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Health negotiators focus on illegal immigrants

Senate negotiators pressed for a way to ensure illegal immigrants can't get government-funded insurance, a front and center issue after a GOP congressman's outburst during the president's speech.
/ Source: The Associated Press

Health care negotiators in the Senate pressed for a way to ensure that illegal immigrants can't get access to government-funded insurance, a contentious issue now front and center after a Republican congressman's outburst during President Barack Obama's speech.

The issue is one of several thorny problems that came up as a small group of negotiators on the Senate Finance Committee met Friday morning. Finance Chairman Max Baucus, D-Mont., is aiming to finalize legislation on Obama's health overhaul by next week — though whether it's bipartisan or not remains to be seen.

Members of the group said they thought they'd settled the question of illegal immigration, but it came to the fore this week when Republican Rep. Joe Wilson shouted "You lie" at Obama during his speech Wednesday. Obama had said illegal immigrants wouldn't be covered under his health plan.

Senators said that's forced the committee to work on provisions verifying legal status before an individual can get coverage.

"We've always been there, but we have to make sure to get the right process and language," said Sen. Olympia Snowe, R-Maine, one member of the so-called Gang of Six of three Republicans and three Democrats whom Baucus is leading.

Such verification can be tricky. Many Democrats fear that verification procedures keep legal residents from getting insurance, and in the House, they rejected Republican attempts to add verification requirements to the House health care bill.

The negotiators put off extensive discussion of the illegal immigration issue until Monday and said aides would be working on language on that and abortion over the weekend.

Friday's session focused largely on how an expansion of Medicaid would affect states, and on possible provisions to keep down medical malpractice costs.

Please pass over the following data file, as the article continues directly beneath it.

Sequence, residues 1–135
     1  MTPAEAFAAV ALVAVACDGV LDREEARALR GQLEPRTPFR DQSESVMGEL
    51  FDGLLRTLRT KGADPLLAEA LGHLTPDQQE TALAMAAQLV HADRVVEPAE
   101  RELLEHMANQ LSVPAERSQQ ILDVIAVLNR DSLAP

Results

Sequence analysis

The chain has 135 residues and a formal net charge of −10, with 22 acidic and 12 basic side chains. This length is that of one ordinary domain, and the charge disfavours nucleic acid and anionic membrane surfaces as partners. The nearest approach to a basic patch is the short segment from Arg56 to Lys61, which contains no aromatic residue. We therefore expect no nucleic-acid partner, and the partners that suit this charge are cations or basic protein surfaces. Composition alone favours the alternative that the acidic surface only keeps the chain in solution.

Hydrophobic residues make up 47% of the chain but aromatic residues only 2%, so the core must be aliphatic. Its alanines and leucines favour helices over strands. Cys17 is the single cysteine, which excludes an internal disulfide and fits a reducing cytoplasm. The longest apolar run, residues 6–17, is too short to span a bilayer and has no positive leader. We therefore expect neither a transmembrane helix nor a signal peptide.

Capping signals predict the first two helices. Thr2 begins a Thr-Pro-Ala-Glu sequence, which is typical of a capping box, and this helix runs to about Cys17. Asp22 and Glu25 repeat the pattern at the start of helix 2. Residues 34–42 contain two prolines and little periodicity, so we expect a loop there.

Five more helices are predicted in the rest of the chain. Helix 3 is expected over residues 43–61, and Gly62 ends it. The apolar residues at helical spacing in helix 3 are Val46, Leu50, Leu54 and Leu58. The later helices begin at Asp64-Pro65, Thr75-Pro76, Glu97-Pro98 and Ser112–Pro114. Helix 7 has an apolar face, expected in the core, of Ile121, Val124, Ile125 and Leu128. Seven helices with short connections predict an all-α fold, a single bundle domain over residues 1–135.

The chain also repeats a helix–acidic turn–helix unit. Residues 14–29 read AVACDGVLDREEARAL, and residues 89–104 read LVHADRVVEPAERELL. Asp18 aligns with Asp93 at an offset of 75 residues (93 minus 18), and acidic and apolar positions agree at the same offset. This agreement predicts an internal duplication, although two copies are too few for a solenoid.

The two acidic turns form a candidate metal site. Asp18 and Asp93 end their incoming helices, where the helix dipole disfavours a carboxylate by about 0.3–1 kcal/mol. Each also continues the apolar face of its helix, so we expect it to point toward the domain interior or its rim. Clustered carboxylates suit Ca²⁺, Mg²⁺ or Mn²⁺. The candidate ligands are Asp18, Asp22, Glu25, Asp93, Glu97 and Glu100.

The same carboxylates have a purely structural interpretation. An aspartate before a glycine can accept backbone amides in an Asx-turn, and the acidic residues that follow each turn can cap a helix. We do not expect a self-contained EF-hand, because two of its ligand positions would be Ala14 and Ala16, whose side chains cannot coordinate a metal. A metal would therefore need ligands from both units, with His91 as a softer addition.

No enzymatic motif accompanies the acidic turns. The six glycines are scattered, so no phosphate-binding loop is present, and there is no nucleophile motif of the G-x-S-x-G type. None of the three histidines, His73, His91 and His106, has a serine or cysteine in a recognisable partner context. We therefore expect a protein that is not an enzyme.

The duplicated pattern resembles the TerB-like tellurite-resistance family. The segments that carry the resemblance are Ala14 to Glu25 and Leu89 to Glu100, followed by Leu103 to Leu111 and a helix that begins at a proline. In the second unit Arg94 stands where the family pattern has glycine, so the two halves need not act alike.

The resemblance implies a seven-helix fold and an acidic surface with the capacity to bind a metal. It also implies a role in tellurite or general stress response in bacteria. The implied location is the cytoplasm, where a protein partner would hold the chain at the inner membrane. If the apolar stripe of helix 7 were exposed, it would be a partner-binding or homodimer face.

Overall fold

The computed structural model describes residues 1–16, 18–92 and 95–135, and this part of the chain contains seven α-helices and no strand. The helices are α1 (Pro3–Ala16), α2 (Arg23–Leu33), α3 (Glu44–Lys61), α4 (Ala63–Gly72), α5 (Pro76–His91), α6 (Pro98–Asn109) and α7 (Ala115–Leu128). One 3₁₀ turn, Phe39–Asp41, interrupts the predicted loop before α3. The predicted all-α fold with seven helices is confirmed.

The prognosis for bipartisan resolution remained cloudy, with Baucus prepared to go it alone even without Snowe and her fellow Republican Sens. Chuck Grassley of Iowa and Mike Enzi of Wyoming.

Snowe said she still couldn't predict whether they'd reach consensus — or whether Baucus would be able to count on her vote.

"I can't answer that at this point. We're working through all these issues and we'll see where it goes from there when we finalize everything," Snowe said.

The question could be answered as early as Monday when the group meets again.

"Obviously we'll find out who wants to support the (bill) and who doesn't," Baucus said. "I'm hopeful that there will be bipartisan support. And I'll keep working on it frankly over the weekend, on the telephone talking to people, so on and so forth."

Enzi declined to comment Friday and Grassley participated in the meeting by phone from Iowa.

Meanwhile, House leaders predict passage of a sweeping overhaul within a few months, even while acknowledging they are still facing a host of other thorny issues, including medical malpractice and abortion.

"That's the legislative process," House Speaker Nancy Pelosi said as she and other Democrats shifted from praising the president's speech to the less glamorous task of trying to negotiate a bill that will pass muster with a host of opposing factions.

"As issues emerge, let's drill down on the public option, let's drill down on what this means to small business, let's drill down on what this means to seniors," Pelosi, D-Calif., said Thursday.

Presuming both chambers pass legislation, then would come the daunting task of melding the two bills and bringing the finished product back for final votes in both chambers.

The initial House bill is likely to include a new government-run insurance plan to compete with the private market, but Baucus long ago embraced establishing nonprofit cooperatives instead, and it appears unlikely liberals have the votes in his committee to overrule him.

Baucus and many other senators believe a so-called public plan would be unlikely to get the 60 votes needed to advance in the 100-member Senate.

Obama has spoken repeatedly in support of a public plan and did so again in his speech, but he also left room for alternatives like the co-op or a fallback option that would trigger the public plan only if private companies weren't offering enough choices.

The trigger alternative was getting attention from a number of moderate Senate Democrats who met with Obama at the White House on Thursday, according to several who attended. Some moderates oppose a straight-up public plan.

"His willingness to be flexible on that reassured members of our group," said Sen. Evan Bayh, D-Ind. "His willingness to say what matters here is the ends, we shouldn't obsess about the means."

The moderates also responded to Obama's commitment in his speech to holding down costs.